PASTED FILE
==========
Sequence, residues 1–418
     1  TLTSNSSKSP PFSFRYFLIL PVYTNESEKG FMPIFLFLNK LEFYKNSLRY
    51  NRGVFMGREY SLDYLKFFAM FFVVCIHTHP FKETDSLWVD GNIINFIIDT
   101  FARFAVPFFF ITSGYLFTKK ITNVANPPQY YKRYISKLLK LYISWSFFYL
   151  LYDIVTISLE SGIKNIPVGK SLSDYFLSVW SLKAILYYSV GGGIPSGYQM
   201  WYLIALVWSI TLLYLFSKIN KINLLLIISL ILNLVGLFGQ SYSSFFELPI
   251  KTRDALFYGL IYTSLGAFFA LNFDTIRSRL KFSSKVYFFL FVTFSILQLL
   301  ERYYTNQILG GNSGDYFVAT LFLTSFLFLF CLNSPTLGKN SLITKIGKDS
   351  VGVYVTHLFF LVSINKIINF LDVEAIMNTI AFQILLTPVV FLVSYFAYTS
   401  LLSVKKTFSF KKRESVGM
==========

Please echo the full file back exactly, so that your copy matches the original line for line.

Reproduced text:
Sequence, residues 1–418
     1  TLTSNSSKSP PFSFRYFLIL PVYTNESEKG FMPIFLFLNK LEFYKNSLRY
    51  NRGVFMGREY SLDYLKFFAM FFVVCIHTHP FKETDSLWVD GNIINFIIDT
   101  FARFAVPFFF ITSGYLFTKK ITNVANPPQY YKRYISKLLK LYISWSFFYL
   151  LYDIVTISLE SGIKNIPVGK SLSDYFLSVW SLKAILYYSV GGGIPSGYQM
   201  WYLIALVWSI TLLYLFSKIN KINLLLIISL ILNLVGLFGQ SYSSFFELPI
   251  KTRDALFYGL IYTSLGAFFA LNFDTIRSRL KFSSKVYFFL FVTFSILQLL
   301  ERYYTNQILG GNSGDYFVAT LFLTSFLFLF CLNSPTLGKN SLITKIGKDS
   351  VGVYVTHLFF LVSINKIINF LDVEAIMNTI AFQILLTPVV FLVSYFAYTS
   401  LLSVKKTFSF KKRESVGM